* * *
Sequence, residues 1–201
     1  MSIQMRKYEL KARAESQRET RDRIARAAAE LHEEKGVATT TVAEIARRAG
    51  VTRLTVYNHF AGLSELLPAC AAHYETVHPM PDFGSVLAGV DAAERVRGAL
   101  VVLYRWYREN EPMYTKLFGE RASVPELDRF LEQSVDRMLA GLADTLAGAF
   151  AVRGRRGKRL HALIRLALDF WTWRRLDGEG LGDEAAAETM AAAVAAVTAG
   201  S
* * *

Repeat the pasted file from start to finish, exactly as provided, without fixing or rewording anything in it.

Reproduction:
Sequence, residues 1–201
     1  MSIQMRKYEL KARAESQRET RDRIARAAAE LHEEKGVATT TVAEIARRAG
    51  VTRLTVYNHF AGLSELLPAC AAHYETVHPM PDFGSVLAGV DAAERVRGAL
   101  VVLYRWYREN EPMYTKLFGE RASVPELDRF LEQSVDRMLA GLADTLAGAF
   151  AVRGRRGKRL HALIRLALDF WTWRRLDGEG LGDEAAAETM AAAVAAVTAG
   201  S